Image Description: UN Secretary-General António Guterres, who has called for a World Climate Summit scheduled for September 2019
Greta Thunberg, the sixteen-year-old Swedish student who inspired the recent climate marches, has, without a doubt, furthered the cause of climate change. The passionate response from hundreds of thousands of young people is certainly encouraging as to the potential future of global environmental policy. However, despite such promising signs, it is unlikely that these mass mobilisations will result in any wide scale implementation of effective mitigation strategies in the near future. While these marches prompted António Guterres, the UN Secretary General, to call for actionable climate plans to be discussed at the World Climate Summit this coming September, it is more often platitudes, rather than plans, which are exchanged at these forums. This is because there is often little pressure from the public for the government to address climate change as a matter of urgency, and the climate strikes are unlikely to change this.
An unfortunate consequence of our current political system is the endemic of short-term vision fuelled by desire for re-election. As a result of this short term structure, as well as the fact that many of its participants are unable to vote, the unfortunate truth is that the largely youthful composition of the striking crowd at the recent climate change marches hold little political sway. This somber reality was shown to be true when, despite all the many youthful calls to protect our planet, only a handful of MPs attended a climate change debate in the House of Commons in February.
In order to enact real and timely change, the climate change movement needs to light the fire under the older demographics.
In order to enact real and timely change, the climate change movement needs to light the fire under the older demographics. I am not discrediting the work done by Ms. Thunberg and others in recent months; there is no doubt that climate-friendly policies need to be implemented and developed long into the future. Yet, this is an issue which requires the utmost urgency. In 2015, the Paris Climate Accord set a goal of ‘holding the increase in the global average temperature to well below 2°C (3.6°F) above pre-industrial levels and pursuing efforts to limit the temperature increase to 1.5°C (2.7°F).’ However, by the same year, the planet had already endured 1°C of warming. At the current rate, it is likely to cross the 1.5°C threshold between 2030 and 2052.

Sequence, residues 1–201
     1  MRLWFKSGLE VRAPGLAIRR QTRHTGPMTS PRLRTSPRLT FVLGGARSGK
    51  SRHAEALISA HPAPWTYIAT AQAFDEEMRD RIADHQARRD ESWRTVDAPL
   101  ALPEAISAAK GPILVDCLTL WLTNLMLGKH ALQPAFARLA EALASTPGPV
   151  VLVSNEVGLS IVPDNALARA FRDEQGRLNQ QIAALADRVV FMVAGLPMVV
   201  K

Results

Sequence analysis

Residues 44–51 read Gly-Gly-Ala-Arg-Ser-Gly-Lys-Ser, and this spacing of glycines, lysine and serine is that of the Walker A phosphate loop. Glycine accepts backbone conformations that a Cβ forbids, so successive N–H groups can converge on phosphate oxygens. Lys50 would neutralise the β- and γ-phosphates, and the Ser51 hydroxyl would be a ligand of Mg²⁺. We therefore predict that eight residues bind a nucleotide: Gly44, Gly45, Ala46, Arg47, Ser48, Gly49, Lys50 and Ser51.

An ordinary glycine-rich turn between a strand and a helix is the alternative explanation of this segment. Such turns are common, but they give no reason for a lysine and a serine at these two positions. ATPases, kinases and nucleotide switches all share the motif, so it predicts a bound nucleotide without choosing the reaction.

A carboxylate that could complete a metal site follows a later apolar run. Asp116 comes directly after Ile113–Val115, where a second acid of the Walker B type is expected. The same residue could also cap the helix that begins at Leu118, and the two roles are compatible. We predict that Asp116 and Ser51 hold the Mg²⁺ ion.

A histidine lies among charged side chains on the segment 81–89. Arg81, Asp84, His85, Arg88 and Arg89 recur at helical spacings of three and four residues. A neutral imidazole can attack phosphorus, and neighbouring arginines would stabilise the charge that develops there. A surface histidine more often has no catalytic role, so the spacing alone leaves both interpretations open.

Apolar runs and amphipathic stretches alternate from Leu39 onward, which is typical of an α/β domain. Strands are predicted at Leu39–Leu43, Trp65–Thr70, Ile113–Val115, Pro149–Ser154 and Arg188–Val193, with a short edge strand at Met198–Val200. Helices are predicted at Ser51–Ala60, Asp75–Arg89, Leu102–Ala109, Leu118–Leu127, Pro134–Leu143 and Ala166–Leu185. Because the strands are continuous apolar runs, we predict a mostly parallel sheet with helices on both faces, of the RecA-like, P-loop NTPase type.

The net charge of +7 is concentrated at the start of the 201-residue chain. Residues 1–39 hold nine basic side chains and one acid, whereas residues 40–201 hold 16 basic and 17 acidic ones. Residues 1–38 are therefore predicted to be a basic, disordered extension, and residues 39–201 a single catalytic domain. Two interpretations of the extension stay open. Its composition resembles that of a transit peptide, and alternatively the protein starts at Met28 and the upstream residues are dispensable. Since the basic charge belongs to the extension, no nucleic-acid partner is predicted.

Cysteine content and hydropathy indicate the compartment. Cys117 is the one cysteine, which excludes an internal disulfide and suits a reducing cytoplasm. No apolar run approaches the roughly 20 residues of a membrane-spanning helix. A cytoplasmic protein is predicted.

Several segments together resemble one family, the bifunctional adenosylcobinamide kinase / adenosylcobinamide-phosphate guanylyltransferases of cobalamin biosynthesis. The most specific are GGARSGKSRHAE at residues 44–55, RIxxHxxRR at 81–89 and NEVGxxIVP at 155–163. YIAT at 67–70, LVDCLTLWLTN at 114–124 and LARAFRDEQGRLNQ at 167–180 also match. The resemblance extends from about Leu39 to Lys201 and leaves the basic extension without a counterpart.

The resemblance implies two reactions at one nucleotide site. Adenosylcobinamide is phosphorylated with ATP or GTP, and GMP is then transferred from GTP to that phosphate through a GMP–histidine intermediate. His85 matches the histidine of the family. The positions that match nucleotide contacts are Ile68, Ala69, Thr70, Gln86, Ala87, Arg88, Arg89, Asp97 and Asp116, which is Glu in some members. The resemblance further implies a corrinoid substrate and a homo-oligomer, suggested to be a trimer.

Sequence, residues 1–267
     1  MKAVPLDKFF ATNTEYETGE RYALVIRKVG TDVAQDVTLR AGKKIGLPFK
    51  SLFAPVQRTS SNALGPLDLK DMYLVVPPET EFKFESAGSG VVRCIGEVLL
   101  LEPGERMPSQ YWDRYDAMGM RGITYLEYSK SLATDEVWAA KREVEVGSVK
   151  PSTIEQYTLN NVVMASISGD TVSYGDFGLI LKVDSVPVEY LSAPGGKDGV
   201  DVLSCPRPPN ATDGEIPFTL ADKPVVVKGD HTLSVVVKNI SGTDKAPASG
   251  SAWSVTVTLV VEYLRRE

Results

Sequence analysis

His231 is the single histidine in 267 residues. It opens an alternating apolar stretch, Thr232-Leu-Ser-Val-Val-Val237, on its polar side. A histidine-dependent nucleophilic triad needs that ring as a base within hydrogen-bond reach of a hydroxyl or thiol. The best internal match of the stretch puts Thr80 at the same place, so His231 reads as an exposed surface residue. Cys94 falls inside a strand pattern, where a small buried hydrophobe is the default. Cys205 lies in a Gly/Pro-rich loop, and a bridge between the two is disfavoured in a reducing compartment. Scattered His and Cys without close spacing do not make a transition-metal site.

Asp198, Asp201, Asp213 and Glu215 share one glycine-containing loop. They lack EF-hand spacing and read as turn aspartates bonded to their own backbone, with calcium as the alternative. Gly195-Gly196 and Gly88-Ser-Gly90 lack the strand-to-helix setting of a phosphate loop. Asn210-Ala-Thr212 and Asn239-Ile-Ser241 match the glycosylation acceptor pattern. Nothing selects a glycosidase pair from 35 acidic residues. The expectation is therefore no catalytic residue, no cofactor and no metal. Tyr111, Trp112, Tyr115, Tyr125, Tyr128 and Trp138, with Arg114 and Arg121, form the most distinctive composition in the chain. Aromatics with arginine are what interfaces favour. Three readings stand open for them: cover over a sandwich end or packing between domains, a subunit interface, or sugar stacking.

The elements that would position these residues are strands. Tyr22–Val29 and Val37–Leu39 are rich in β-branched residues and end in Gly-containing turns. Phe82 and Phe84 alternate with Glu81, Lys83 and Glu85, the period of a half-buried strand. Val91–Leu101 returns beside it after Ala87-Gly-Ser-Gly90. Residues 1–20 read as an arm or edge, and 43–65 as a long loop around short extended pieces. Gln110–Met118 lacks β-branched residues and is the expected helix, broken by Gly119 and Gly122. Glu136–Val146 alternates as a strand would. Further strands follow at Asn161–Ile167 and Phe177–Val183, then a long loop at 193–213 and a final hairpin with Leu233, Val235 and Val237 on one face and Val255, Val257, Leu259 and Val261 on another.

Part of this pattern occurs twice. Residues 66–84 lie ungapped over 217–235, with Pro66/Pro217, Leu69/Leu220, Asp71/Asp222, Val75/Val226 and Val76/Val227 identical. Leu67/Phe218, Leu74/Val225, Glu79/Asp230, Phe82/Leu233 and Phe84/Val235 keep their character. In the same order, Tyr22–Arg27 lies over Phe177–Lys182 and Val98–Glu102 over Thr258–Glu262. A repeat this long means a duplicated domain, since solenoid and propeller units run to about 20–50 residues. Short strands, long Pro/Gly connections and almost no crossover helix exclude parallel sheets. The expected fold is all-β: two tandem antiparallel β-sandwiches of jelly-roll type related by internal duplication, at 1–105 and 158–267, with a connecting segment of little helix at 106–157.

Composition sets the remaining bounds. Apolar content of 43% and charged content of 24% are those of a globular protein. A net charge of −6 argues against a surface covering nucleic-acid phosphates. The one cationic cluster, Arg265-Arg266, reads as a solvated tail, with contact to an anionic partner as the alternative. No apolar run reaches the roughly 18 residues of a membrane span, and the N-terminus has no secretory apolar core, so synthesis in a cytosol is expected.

Clearly, we cannot wait five to 10 years for any actionable climate mitigation schemes to be implemented globally. Therefore, it is critical for the climate movement to change their approach to spreading their message. I believe that the best way to do this is to change the framing of the issue in the mainstream media. In the wake of the US presidential election and Brexit vote in 2016, it is clear that the media is, at least one of, if not the greatest influencer on public opinion. Yet, much of the coverage up to this point has been questionable at best.
An unfortunate consequence of our current political system is the endemic of short-term vision fuelled by desire for re-election.
Climate change deniers have consistently been given an equal platform to climate scientists when discussing the subject. What makes this problematic is that the deniers are very rarely, if ever, qualified climate scientists. Watching Brian Cox, the famed British physicist, try to explain to Malcolm Roberts, a senator for extreme right-wing One Nation party, that climate data had not been manipulated by NASA on the BBC show Q and A in 2016 epitomises the core issue with presenting ‘both sides’; the idea that climate change is a global conspiracy is presented on equal footing to scientific fact.
Taking this a step further, climate change deniers have been given too many opportunities to spread disinformation without being challenged by a qualified expert. For example, take the ‘Today’ show, which aired on 11 November 2018 on BBC Radio 4. The episode questioned Myron Ebell, the Director of Global Warming and International Environmental Policy at a libertarian advocacy group, the Competitive Enterprise Institute (CEI), about climate change and his doubts. The BBC gave Mr. Ebell the platform to spout conspiracy theories, for example, that IPCC scientists were instructed by the UN to overstate the potential consequences of a warming planet. The BBC came under criticism for giving Ebell this platform. The situation was essentially akin to the BBC allowing a flat earther to contest the legitimacy of the recently released ground-breaking image of a black hole!
It only takes a quick Google search to uncover that the CEI has, in the past, receive millions of dollars of funding from the largest private oil company in the world, ExxonMobil. Providing climate change deniers who have no relevant background in this matter a platform to espouse incorrect information legitimises their position which often derives from a vested interest. This allows much of the public to continue to ignore what is the greatest contemporary issue facing mankind. In order for climate change groups and movements to be effective, they need to control the narrative around climate change and should lobby the mainstream media to act more responsibly in reporting on this issue by no-platforming those who do not have a background in climate science. By doing this, climate change will shift from a matter of opinion and debate to scientific fact in the eyes of the wider public, and thus the older demographics may feel more inclined to use their vote to support green-focused parties who will help to mitigate the worst predicted futures in a warmer world.
Image Credit: U.S. Mission Photo by Eric Bridiers, via Flickr